Brown algae reveal antioxidant production secrets
Brown algae contain phlorotannins, aromatic (phenolic) compounds that are unique in the plant kingdom. As natural antioxidants, phlorotannins are of great interest for the treament and prevention of cancer and inflammatory, cardiovascular and neurodegenerative diseases. Researchers at the Végétaux marins et biomolécules (CNRS/UPMC) laboratory at the Station biologique de Roscoff, in collaboration with two colleagues at the Laboratoire des sciences de l'Environnement MARin (Laboratory of Marine Environment Sciences) in Brest (CNRS/UBO/IFREMER/IRD) have recently elucidated the key step in the production of these compounds in Ectocarpus siliculosus, a small brown alga model species. The study also revealed the specific mechanism of an enzyme that synthesizes phenolic compounds with commercial applications. These findings have been patented and should make it easier to produce the phlorotannins presently used as natural extracts in the pharmaceutical and cosmetic industries. The results have also been published online on the site of the journal The Plant Cell.
Until now, extracting phlorotannins from brown algae for use in industry was a complex process, and the biosynthesis pathways of these compounds were unknown. By studying the first genome sequenced from a brown alga, the team in Roscoff identified several genes homologous to those involved in phenolic compound biosynthesis in terrestrial plants. Among these genes, the researchers found that at least one was directly involved in the synthesis of phlorotannins in brown algae. They then inserted these genes into a bacterium, which thus produced a large quantity of the enzymes that could synthesize the desired phenolic compounds. One of these enzymes, a type III polyketide synthase (PKS III), was studied in detail and revealed how it produces phenolic compounds. PKS III is able, for example, to synthesize phloroglucinol (notably used in antispasmodic drugs and in explosives) and other phenolic compounds with commercial applications.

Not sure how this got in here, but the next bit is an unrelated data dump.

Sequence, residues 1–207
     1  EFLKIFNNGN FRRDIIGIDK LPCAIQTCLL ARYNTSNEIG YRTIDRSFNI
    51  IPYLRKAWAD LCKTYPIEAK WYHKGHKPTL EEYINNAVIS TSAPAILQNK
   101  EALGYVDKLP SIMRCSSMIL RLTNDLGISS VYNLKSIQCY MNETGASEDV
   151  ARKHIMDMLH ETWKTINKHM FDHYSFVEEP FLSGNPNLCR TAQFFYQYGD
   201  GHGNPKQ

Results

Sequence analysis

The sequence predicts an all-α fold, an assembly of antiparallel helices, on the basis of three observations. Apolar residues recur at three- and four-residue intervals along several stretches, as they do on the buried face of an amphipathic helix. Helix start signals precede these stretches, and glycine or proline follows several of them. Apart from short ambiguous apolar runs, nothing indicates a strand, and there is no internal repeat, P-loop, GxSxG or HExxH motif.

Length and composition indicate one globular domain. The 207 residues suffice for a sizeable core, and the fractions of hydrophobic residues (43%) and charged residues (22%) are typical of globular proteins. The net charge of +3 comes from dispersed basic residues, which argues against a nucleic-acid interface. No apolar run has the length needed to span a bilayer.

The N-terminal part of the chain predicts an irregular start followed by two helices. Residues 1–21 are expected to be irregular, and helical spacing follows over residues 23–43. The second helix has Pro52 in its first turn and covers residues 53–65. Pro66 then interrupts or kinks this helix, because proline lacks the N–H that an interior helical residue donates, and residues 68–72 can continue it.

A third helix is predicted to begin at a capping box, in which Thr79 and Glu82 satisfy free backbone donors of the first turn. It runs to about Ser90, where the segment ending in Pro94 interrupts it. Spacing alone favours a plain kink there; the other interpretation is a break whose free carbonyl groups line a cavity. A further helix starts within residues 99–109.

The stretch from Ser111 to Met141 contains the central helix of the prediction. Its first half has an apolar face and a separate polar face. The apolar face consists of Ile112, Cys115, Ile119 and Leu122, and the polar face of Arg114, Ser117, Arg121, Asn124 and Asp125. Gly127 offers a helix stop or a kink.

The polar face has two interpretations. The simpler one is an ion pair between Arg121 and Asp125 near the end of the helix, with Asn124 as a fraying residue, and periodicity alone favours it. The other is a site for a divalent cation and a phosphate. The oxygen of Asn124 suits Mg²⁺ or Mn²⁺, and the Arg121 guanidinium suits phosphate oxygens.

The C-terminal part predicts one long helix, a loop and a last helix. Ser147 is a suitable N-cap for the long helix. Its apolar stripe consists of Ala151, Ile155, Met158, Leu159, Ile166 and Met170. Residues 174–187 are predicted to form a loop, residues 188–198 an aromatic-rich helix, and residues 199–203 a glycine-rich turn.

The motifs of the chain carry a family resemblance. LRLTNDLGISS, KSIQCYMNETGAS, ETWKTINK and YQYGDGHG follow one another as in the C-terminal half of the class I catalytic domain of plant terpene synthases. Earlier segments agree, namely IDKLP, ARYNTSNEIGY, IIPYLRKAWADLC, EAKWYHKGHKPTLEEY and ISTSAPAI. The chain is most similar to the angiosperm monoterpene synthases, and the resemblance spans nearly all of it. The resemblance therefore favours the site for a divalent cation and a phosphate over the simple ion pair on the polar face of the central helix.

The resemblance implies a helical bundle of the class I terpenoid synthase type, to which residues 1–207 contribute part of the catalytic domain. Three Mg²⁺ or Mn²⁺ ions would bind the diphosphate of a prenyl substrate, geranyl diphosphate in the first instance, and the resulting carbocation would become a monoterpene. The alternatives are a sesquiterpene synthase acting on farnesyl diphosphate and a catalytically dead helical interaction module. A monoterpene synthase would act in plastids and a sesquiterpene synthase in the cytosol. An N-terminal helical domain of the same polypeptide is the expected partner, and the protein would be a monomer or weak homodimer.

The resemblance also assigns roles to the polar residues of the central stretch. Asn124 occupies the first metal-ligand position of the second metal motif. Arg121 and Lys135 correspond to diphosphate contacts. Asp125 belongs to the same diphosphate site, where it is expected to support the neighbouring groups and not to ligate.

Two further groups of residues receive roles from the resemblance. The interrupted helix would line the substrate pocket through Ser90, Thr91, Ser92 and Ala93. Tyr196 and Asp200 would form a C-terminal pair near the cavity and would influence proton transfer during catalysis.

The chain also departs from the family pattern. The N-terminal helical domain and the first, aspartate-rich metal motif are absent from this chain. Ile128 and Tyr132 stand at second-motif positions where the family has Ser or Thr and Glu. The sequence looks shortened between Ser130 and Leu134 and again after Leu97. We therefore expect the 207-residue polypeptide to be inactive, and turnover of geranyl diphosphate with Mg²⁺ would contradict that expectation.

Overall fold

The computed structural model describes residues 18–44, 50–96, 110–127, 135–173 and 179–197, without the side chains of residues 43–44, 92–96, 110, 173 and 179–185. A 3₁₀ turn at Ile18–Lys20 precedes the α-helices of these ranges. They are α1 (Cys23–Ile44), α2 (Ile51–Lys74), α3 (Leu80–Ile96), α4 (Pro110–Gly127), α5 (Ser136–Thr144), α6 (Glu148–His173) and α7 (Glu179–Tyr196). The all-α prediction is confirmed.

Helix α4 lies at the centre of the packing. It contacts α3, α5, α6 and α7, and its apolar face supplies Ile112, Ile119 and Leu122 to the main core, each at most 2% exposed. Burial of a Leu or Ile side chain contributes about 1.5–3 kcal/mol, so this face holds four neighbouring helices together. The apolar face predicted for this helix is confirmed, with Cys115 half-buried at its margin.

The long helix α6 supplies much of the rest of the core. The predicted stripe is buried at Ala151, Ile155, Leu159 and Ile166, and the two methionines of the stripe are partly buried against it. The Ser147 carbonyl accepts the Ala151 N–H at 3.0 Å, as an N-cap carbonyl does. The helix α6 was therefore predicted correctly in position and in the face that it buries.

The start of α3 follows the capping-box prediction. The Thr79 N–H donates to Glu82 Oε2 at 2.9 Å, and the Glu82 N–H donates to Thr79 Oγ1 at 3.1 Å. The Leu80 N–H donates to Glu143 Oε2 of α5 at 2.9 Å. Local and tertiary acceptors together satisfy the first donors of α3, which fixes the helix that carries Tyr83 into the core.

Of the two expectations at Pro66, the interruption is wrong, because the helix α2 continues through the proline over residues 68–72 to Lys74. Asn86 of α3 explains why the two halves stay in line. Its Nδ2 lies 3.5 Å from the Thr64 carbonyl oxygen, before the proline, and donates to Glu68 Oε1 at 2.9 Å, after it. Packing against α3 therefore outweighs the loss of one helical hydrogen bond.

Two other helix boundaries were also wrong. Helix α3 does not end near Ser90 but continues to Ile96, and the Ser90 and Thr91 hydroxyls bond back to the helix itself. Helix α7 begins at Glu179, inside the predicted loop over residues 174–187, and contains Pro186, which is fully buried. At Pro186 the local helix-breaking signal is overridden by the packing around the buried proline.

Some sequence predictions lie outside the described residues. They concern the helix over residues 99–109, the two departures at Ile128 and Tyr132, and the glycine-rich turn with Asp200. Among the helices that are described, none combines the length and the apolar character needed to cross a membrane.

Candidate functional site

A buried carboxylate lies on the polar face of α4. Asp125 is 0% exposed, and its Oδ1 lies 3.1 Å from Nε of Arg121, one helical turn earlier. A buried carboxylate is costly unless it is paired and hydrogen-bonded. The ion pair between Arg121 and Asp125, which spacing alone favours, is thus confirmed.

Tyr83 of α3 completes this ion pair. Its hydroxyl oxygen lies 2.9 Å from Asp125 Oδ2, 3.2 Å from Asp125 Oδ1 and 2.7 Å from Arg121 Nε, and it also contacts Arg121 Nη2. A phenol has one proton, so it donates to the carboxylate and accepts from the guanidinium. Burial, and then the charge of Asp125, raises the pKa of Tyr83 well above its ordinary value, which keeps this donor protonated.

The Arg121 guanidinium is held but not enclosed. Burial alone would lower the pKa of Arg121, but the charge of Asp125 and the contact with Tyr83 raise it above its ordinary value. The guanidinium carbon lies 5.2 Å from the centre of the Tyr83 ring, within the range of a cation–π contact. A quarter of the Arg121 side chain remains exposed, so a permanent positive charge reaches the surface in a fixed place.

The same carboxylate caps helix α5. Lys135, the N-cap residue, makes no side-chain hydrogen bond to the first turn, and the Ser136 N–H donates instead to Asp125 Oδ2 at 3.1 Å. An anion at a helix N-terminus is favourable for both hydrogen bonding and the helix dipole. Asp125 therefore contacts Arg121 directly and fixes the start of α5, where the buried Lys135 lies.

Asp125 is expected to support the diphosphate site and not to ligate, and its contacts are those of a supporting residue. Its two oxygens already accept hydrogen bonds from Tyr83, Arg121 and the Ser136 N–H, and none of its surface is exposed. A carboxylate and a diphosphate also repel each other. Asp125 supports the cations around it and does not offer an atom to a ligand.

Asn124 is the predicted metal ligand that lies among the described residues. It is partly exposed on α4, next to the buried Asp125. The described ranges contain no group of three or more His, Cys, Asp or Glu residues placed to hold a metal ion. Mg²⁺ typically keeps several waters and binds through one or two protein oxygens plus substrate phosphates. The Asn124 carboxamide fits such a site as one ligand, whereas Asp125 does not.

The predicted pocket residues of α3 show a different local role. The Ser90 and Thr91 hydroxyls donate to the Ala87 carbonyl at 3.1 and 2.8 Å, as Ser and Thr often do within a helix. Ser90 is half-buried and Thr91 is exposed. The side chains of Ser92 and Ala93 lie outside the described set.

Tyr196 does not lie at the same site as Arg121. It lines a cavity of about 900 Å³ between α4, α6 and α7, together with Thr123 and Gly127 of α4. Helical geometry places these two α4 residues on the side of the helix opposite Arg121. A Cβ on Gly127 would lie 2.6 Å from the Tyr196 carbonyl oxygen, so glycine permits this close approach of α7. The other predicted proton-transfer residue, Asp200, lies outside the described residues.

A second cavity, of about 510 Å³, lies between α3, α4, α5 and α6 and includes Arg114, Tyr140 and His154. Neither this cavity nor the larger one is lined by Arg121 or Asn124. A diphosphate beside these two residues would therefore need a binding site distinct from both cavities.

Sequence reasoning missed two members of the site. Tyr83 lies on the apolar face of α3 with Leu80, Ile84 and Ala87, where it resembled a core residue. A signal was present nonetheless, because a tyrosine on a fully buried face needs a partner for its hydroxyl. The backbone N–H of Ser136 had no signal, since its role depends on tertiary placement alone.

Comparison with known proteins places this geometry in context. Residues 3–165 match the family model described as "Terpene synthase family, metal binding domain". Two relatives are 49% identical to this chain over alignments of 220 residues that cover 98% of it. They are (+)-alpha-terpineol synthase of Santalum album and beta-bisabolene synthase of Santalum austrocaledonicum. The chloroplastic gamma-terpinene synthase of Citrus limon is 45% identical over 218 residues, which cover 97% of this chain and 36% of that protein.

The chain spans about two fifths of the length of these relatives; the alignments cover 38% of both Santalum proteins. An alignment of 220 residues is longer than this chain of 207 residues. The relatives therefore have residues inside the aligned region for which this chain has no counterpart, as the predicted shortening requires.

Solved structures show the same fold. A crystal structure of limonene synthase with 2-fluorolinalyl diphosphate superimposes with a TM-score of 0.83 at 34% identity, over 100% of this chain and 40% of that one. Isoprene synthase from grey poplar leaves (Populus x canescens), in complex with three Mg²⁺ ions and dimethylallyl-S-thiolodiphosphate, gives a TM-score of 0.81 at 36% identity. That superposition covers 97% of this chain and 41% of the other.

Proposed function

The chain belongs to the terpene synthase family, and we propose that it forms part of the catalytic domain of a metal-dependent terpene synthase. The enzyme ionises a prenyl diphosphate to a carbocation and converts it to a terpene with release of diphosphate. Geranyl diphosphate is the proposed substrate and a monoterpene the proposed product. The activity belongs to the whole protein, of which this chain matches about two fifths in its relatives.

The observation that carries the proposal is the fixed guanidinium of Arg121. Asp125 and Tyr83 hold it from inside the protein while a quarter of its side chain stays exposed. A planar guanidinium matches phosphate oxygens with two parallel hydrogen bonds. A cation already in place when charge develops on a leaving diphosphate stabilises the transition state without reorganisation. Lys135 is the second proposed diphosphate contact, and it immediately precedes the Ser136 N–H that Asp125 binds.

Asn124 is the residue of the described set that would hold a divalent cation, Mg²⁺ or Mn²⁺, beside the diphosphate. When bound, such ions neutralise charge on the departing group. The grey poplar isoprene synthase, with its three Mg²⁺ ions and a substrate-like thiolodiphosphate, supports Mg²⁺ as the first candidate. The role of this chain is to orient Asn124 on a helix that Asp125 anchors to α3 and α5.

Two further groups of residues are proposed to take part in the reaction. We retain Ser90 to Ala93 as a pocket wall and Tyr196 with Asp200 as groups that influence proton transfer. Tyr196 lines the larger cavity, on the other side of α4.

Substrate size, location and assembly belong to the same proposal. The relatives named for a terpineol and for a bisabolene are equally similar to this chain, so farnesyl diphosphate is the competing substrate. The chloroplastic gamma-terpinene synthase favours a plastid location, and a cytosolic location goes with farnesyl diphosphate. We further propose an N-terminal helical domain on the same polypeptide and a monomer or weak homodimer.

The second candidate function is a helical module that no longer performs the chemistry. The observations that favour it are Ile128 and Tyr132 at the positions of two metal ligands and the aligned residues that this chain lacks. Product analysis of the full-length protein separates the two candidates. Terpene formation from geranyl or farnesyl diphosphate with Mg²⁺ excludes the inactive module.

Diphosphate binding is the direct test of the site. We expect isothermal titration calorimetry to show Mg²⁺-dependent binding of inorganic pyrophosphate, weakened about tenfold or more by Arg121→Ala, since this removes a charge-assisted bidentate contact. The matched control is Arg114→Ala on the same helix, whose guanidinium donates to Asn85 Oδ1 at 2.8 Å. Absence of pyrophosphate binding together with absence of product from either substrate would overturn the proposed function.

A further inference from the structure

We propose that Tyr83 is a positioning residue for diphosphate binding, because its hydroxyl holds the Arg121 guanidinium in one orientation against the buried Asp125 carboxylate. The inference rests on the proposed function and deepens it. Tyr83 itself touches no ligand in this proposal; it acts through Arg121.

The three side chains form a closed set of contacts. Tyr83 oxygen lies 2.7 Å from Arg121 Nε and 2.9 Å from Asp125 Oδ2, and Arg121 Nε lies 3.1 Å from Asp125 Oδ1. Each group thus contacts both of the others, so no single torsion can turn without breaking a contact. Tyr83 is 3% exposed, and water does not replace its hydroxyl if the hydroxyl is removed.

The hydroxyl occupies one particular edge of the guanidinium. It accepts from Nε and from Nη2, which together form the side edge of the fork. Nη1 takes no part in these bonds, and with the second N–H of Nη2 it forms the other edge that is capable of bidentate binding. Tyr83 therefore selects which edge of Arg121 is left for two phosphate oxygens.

Besides this mechanism, results revealed that the compounds had other biological functions in the acclimation and adaptation of brown algae to salinity stress. Knowledge of these biosynthesis pathways would allow researchers to uncover the signaling mechanisms that regulate this metabolism. It would also be useful for understanding the biological and ecological functions of these compounds in other brown algae that are already used commercially.
This work was initiated with the support of the scientific interest group (GIS) Europole Mer. It culminated in the creation of IDEALG, a project launched in September 2011 as part of France's Investments for the Future program and led by the Station Biologique de Roscoff. IDEALG is a 10-year research scheme involving more than one hundred scientists. It aims to find biotechnology applications for genomic and post-genomic research, as well as exploit marine macroalgal bioresources. A CNRS patent has been filed and in-depth work on structural biology and controlled mutagenesis is being pursued as part of IDEALG. It should lead to new paths for protein engineering, which will make it possible to produce molecules of interest directly and more easily. This will be achieved using bacteria, thus avoiding the production of plant organic matter (biomass), whose purification is hampered by the difficult extracting process of natural phlorotannins.